LV Sketchbook Page 054 (Larsen C)

February 28, 2017

LV Sketchbook page 054 takes the study and measurement of Larsen C, Antarctica’s fourth-largest ice shelf, as its subject. Larsen C is under heavy observation as a rapidly advancing crack threatens to create one of the largest ice calving incidents on record. The rift now reaches over 110 miles in length, with some parts up to two miles wide. Once it reaches across the ice shelf — about another 20 miles — the break will create an iceberg the size of Delaware, among the biggest bergs ever recorded.

The separation is expected to occur within weeks or months, affording scientists their first proper look at an event of this magnitude. While most researchers expect the collapse of Larsen C itself to minimally affect global sea levels, the greater concern is whether the glaciers buttressed behind the ice shelf will accelerate towards the ocean. Removing an ice shelf is “like removing the cork out of the bottle,” says Adam Booth, a geophysicist at the University of Leeds.

Project MIDAS, a British Antarctic research project, has kept watch since the rift was first spotted in 2010. According to MIDAS scientists, this particular cracking is likely natural with no direct evidence of a link to climate change. General ice shelf decay along the Antarctic Peninsula however is still believed to be linked to Earth’s warming.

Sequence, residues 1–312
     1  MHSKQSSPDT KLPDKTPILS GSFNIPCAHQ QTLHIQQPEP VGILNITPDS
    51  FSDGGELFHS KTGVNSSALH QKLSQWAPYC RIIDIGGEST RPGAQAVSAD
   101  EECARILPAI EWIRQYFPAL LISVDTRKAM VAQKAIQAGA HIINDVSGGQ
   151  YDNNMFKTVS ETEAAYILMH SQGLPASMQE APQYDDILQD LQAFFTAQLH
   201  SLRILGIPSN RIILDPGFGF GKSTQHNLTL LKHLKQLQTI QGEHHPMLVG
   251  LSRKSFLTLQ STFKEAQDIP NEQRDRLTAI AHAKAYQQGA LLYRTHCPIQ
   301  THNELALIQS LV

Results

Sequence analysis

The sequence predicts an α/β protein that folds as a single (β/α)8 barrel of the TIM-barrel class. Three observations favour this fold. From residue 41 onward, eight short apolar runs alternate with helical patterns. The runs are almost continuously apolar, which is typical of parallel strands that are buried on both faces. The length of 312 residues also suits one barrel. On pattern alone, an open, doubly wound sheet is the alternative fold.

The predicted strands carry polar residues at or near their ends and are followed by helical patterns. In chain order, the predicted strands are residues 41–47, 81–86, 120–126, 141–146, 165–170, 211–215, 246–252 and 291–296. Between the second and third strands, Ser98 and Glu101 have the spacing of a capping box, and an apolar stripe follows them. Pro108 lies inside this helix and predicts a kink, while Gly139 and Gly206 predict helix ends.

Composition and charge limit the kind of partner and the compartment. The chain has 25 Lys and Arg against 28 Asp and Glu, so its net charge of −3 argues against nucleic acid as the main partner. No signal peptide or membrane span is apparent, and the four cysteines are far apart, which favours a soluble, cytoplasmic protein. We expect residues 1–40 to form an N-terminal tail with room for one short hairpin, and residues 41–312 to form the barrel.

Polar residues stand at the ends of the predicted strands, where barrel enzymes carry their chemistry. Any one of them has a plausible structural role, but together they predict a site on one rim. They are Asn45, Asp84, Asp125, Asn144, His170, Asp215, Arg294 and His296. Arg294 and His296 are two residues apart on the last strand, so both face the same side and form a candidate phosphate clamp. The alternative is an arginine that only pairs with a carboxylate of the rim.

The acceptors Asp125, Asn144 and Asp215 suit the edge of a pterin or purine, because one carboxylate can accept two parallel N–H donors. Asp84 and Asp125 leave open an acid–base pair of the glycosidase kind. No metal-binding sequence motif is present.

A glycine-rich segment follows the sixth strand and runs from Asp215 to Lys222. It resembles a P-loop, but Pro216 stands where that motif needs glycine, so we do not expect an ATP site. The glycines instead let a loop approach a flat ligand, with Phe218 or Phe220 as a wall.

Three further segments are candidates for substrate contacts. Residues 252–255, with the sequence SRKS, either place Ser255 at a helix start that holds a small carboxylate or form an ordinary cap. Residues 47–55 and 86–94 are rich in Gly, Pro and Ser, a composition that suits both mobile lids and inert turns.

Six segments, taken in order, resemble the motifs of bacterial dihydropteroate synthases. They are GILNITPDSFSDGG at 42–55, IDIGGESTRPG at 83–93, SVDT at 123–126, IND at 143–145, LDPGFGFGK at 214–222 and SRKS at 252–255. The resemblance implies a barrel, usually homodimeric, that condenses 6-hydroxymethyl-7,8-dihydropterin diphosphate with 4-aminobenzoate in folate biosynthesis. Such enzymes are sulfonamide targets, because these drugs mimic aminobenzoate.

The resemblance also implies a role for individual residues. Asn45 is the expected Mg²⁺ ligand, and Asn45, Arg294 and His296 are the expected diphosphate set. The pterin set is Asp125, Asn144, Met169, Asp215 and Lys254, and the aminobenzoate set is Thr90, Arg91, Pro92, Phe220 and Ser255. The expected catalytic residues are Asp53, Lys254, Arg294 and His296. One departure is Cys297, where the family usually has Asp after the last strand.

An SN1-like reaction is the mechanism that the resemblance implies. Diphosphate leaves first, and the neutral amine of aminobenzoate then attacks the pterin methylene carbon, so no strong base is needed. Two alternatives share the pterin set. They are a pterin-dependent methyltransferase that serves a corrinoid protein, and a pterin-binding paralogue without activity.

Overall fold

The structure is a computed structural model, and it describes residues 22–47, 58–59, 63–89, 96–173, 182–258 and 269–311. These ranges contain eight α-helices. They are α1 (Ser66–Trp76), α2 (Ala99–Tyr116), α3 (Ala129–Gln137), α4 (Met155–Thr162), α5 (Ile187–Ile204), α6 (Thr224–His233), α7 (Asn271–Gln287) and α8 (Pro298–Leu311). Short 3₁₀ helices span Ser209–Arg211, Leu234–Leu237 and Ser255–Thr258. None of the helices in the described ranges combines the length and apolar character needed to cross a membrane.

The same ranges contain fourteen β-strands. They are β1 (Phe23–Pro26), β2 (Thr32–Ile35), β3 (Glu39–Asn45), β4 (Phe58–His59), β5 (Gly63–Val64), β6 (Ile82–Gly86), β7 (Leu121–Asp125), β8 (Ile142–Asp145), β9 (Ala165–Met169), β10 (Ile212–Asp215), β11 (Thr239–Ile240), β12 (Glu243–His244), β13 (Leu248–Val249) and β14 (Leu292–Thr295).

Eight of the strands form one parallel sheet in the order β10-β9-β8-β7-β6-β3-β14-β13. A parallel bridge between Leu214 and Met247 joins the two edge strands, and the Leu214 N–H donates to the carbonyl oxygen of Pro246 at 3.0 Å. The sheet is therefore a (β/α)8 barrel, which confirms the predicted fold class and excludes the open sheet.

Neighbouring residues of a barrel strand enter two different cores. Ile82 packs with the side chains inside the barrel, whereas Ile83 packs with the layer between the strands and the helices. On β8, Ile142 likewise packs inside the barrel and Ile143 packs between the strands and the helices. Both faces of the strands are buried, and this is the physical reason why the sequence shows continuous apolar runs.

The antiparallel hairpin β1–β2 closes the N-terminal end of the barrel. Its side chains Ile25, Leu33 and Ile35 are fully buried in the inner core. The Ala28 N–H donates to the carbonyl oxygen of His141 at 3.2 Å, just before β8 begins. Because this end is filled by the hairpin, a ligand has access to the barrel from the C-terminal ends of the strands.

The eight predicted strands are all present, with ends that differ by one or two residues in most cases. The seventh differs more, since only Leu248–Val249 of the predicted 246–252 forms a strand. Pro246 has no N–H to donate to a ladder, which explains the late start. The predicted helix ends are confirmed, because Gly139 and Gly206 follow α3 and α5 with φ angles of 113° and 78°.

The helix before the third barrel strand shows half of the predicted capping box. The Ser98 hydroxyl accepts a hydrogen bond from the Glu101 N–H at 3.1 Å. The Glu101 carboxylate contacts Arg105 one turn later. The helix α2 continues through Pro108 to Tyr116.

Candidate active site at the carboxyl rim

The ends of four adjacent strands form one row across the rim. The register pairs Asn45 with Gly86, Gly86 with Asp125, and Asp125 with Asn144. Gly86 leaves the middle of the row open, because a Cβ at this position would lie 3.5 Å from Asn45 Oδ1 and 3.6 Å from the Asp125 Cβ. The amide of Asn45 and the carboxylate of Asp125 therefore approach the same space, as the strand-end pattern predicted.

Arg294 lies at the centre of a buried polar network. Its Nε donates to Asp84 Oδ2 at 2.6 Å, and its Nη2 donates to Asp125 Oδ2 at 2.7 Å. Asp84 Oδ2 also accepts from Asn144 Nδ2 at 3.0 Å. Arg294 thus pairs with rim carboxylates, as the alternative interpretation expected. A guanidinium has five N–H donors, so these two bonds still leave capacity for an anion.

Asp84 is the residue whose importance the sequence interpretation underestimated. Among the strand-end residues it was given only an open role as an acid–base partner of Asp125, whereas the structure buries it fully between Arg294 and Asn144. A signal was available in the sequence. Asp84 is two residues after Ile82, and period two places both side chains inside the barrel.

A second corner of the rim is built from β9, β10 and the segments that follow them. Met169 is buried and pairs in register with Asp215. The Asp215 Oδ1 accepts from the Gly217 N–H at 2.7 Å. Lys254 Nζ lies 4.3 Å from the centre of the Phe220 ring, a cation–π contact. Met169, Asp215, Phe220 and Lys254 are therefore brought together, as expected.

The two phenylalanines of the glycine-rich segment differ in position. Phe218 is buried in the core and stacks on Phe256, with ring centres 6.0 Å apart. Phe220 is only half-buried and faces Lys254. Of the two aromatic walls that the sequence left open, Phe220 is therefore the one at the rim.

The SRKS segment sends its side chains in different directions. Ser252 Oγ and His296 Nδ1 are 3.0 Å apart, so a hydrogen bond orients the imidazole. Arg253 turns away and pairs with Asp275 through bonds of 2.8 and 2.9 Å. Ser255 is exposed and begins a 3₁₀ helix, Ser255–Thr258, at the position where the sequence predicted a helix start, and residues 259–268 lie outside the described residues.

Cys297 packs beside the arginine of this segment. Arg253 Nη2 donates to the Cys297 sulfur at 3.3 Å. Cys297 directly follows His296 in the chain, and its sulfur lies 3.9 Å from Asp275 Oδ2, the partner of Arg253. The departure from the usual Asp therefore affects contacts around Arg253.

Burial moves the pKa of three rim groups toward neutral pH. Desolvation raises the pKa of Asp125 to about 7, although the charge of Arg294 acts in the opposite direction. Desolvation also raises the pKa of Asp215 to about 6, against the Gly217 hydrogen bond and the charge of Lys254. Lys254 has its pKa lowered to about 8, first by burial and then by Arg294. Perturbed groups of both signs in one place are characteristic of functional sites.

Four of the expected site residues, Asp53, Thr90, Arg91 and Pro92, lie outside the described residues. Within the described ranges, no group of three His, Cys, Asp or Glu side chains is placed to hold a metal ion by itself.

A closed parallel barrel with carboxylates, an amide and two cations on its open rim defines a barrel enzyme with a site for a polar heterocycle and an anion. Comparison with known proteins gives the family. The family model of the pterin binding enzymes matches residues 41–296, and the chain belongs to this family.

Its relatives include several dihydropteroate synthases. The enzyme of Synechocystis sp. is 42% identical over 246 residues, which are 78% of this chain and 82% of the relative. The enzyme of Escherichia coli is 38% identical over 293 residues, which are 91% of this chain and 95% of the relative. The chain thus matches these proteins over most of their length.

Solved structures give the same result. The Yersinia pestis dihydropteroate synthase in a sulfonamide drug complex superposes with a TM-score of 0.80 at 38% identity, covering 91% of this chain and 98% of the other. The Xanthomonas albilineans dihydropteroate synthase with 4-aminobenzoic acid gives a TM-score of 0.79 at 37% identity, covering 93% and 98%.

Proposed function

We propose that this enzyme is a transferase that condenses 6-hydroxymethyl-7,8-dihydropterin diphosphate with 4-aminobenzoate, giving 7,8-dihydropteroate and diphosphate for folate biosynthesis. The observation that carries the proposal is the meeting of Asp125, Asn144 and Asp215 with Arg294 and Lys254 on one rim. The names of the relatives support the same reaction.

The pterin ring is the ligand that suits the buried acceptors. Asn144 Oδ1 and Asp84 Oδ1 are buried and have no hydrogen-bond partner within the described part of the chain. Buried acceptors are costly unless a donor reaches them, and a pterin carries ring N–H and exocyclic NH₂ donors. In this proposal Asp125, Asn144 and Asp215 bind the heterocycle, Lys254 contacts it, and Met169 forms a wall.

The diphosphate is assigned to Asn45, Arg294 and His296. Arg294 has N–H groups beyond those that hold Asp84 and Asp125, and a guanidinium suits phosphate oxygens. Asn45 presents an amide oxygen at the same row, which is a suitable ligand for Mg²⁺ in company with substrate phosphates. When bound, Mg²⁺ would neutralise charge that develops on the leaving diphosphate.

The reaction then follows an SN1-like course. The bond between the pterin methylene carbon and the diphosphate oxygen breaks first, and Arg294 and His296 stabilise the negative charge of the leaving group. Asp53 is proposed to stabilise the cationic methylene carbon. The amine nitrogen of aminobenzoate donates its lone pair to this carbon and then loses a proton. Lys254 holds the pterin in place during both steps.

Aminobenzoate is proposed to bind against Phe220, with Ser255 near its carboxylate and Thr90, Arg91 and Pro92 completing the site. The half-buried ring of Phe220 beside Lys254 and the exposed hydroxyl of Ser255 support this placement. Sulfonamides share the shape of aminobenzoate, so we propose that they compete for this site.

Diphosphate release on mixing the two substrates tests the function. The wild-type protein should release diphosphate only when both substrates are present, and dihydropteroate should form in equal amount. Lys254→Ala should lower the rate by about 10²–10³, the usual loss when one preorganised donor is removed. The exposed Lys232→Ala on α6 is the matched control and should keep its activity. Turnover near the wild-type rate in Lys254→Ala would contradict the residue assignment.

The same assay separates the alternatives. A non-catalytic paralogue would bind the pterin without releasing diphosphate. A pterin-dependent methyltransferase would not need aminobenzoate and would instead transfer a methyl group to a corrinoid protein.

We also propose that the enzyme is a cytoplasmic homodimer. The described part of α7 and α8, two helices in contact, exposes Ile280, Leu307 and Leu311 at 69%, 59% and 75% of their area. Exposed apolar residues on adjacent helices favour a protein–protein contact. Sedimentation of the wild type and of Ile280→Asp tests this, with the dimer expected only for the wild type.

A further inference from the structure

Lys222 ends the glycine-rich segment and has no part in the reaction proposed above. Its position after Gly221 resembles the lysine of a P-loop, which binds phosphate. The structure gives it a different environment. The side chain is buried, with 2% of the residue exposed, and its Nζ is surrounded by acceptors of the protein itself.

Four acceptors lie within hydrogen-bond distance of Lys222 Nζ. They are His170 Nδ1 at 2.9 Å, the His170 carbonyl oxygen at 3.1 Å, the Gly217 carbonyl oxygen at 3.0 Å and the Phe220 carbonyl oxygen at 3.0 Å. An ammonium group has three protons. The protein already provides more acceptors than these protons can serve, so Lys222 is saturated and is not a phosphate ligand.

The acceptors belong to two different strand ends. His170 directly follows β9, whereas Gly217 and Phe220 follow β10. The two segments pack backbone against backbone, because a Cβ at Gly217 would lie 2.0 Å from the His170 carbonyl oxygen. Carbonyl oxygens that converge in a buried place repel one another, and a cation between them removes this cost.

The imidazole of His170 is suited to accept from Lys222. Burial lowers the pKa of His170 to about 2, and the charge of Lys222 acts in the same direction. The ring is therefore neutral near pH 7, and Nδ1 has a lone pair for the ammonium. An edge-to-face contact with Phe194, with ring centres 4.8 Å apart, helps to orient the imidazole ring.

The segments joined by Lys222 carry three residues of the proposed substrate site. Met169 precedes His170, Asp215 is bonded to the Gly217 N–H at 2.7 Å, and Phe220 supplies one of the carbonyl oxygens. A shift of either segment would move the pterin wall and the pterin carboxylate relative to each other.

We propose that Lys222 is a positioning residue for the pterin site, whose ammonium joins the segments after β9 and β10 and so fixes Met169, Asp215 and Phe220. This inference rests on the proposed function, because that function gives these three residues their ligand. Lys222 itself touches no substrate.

Most ice behavior information comes from observations from space, such as NASA’s Landsat 8 satellite. The imagery from Landsat 8 is held by the Global Land Ice Velocity Extraction (GoLIVE) project, a free data platform cataloging over 500,000 satellite-derived ice flow maps, with many thousands added each month. Imagery from the European Space Agency’s Sentinel-2 satellite will be added as well this year, potentially doubling the available quantity of data. The objective, says GoLIVE developer Mark Fahnestock, is a “model to reflect what’s happening now so you can anticipate how the ice will change in the future.”

My collage is composed of found and recycled material in keeping with the Long View project’s spirit of sustainability. Various graph papers signify measurement on the left and a slab of painted bass wood represents the imminent berg on the right.